IDEO’s Tom Kelley shares his dream to dial up entrepreneurship in Japan

Tom Kelley (center) reveals his dream to 280 participants at G1 Global Conference 2019

First published by The Japan Times

A little wave of euphoria often overwhelms Tom Kelley, while sitting at a yakitori bar in Shibuya or elsewhere in Japan. “How lucky I am to be right here, right now,” he tells himself. He could be sitting at any one of IDEO’s nine worldwide offices—but the Tokyo studio is his favorite.

Since 2015, Tom spends about one week of each month in Tokyo to help unlock Japan’s creative potential through D4V (Design for Ventures), a Japan-focused venture capital firm that works in partnership with IDEO. IDEO is an internationally renowned design consultancy founded in Palo Alto, California.

On his first trip to Japan in 1985, Tom stayed on after finishing business to explore the country. Visiting Kyoto, he had a super-magical encounter at a lovely little izakaya. He ‘connected’ with its owner, even though neither spoke the others’ language. “It ended with me sitting at the bar talking with the owner and him singing, ‘I left my heart in San Francisco’,” he recounts. After, he thought to himself, “I’ve got to come back.”

Two years later, he met the woman of his dreams at a bus stop in Australia. A young Japanese lady had been waiting for a bus operating on a holiday schedule, so he offered her a lift. “Nihonjin desu ka?” he asked. A year later, they married.

Tom’s brother, David Kelley, asked him to join IDEO at about the same time. David sought in Tom a business-minded partner to complement his own creativity. Tom was looking for adventure, having until then followed a traditional MBA career path. He joined IDEO in 1987 and discovered the design world to be more fun. IDEO was then a small design studio with 15 staff. Thirty-two years later, the firm, in which Tom is one of many worldwide partners, employs around 750 people.

Both brothers are well-known in creative circles. David led the IDEO team that designed the first computer mouse for Steve Jobs. David also advanced the field of design, developing a human-centered approach to innovation called ‘design thinking’. Tom, on the other hand, co-authored three best-selling books on the subject. The books led to speaking engagements in 40 countries. Together, they changed how people go about the task of innovating.

Design thinking now forms part of the lexicon of entrepreneurs worldwide. It is a codified approach to innovation in which unstructured tasks are broken down into more manageable ones. Many quick, cheap experiments are used to test ideas for validity. Other human-centered tools, including empathy and storytelling, help share ideas and make the one’s which work “stick”.

Neither Tom nor his brother invented design thinking—the underlying concepts are as old as time. But they did reframe them in ways which make creativity and innovation accessible to everyone. Once people understand the method, they can innovate with confidence. “Everybody has the potential for creative confidence,” says Tom.

David’s brush with cancer in 2007 caused Tom to reexamine his life. The brothers have always been close to each other. After David’s recovery, the two decided to do more together. They took a fun trip to Japan. Later, they co-authored Tom’s third book, “Creative Confidence: Unleashing the Creative Potential Within Us All”.  Following the book’s 2014 promotional tour, Tom expressed a growing personal interest to expand IDEO’s Japan offices, previously opened in 2011.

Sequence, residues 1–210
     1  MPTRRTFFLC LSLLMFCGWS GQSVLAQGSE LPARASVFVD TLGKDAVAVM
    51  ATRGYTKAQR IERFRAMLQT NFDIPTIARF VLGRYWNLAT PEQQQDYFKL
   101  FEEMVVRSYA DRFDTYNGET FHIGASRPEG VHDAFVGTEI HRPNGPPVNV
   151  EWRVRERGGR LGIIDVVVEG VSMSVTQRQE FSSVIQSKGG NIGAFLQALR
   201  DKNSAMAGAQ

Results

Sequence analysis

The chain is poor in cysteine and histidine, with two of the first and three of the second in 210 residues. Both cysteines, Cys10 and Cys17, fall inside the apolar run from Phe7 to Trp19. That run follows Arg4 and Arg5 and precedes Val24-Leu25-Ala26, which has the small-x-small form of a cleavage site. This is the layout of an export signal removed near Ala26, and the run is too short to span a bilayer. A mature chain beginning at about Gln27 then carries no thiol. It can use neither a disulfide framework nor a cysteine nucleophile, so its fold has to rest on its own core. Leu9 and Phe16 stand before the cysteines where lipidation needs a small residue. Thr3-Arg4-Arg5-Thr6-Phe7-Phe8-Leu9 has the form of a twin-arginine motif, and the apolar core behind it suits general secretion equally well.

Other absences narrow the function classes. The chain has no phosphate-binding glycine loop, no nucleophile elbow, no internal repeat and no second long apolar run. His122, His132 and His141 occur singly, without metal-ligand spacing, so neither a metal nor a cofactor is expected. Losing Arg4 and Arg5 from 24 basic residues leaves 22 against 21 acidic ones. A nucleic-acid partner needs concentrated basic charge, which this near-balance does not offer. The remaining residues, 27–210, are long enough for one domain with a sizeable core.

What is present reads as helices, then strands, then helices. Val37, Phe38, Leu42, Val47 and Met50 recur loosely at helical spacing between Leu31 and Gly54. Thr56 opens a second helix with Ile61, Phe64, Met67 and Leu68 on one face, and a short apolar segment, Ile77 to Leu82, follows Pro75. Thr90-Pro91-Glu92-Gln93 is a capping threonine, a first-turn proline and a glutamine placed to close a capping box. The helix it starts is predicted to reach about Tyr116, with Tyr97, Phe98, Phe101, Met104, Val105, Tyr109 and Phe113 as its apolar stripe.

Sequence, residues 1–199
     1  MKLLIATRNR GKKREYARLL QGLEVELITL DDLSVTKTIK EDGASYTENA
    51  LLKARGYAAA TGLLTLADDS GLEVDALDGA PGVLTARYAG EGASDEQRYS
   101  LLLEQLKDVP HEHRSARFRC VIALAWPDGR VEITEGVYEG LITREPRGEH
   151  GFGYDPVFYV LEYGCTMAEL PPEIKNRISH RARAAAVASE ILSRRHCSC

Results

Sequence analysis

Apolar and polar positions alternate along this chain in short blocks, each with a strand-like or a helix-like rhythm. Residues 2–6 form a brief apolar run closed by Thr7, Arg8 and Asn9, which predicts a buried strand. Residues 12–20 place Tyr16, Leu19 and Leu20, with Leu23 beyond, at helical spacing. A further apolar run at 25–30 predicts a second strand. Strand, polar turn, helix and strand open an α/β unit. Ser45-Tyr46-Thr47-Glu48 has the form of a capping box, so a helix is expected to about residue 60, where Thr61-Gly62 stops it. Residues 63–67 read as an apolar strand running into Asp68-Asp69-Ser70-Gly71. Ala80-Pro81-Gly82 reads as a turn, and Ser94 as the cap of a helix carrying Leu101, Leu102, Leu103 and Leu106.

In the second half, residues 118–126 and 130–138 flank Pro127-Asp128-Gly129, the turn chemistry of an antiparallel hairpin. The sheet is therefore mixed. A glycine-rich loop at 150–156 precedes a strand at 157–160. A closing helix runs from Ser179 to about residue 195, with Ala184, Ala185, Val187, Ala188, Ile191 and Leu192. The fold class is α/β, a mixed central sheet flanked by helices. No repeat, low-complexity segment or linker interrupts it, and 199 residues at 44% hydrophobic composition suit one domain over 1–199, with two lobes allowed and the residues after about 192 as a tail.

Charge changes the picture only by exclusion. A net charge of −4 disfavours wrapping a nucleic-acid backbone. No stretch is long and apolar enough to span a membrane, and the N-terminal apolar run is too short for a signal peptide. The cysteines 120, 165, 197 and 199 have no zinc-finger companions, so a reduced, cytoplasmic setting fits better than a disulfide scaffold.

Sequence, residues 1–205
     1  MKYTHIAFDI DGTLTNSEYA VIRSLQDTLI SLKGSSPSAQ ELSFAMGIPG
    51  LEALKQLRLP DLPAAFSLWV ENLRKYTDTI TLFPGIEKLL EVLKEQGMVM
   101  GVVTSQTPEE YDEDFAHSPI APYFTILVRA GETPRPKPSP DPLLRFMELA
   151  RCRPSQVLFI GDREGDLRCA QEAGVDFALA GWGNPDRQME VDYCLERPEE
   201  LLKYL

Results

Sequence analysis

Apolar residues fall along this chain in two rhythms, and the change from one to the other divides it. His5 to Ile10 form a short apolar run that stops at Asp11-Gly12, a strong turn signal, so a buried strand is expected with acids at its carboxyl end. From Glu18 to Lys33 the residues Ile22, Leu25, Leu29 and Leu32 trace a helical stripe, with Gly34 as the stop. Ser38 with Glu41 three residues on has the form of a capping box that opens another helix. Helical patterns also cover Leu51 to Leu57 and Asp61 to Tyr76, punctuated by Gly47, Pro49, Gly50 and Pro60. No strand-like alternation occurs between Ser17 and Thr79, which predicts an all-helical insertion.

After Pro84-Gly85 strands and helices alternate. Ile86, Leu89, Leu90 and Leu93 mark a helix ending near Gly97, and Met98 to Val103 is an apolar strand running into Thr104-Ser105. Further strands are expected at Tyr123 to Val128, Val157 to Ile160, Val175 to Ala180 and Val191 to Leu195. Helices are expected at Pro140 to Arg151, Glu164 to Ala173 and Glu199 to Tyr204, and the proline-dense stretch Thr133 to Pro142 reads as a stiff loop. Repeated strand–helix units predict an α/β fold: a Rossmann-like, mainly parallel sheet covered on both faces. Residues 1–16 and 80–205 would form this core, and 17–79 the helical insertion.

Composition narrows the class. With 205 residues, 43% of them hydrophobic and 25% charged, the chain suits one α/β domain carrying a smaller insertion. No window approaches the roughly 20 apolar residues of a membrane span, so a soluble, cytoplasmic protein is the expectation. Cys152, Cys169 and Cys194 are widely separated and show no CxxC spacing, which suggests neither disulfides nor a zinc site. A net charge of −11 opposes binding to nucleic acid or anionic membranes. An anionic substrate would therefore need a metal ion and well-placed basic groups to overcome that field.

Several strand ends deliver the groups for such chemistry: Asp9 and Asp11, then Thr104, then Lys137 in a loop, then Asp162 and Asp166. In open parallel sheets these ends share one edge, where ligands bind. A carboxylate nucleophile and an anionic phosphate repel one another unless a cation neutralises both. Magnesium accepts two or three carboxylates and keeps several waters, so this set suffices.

As its chairman, Tom now focuses on dialing up entrepreneurship in Japan through IDEO’s venture capital partner. D4V has $50m under management and currently invests in 40 startup companies. “My goal is to unlock the creative confidence of Japanese entrepreneurs, so that entrepreneurship can be a big part of the business story of Japan and the growth of the Japanese economy,” he explains.

Why not invest in Israel or Indonesia instead of Japan? After all, Japan repeatedly scores low across many categories in global entrepreneurship studies. Japanese firms also fail to quickly implement new ideas. Besides his love for its culture and people, Tom sees opportunities in Japan that are not available elsewhere.

For starters, the country may be more creative than studies reveal or that even the Japanese themselves believe. By some measures it is the most creative nation on the planet. For example, Japan leads in quality innovation. “Creativity is bubbling up in Japan,” says Tom. “It’s just a question of unlocking it.”

Once unlocked, there are opportunities for explosive growth not present in countries with more mature entrepreneurship ecosystems. Economists generally believe entrepreneurship has an oversized impact on an economy. Perhaps every one percent increase in entrepreneurial activity adds one-half percent to a nation’s GDP. If true, kick-starting Japan’s startup culture could cause the nation’s per-capita GDP, currently 29% below US levels, to rise substantially.

Tom compares Japan’s growing entrepreneurship culture to that of new promising technologies which he experienced many times during his lifetime in Silicon Valley. After a long gestation period, a technology like virtual reality or artificial intelligence reaches an inflection point before taking off. The period following the inflection point “could not be more fun,” says Tom. From a business viewpoint, there is (also) a big opportunity.”

Talking about his legacy, Tom says, “I would like to look back and say we—IDEO Tokyo and the D4V part of it— moved the needle on entrepreneurship in Japan. That would be a sweet result to look back on at the end of my career.”

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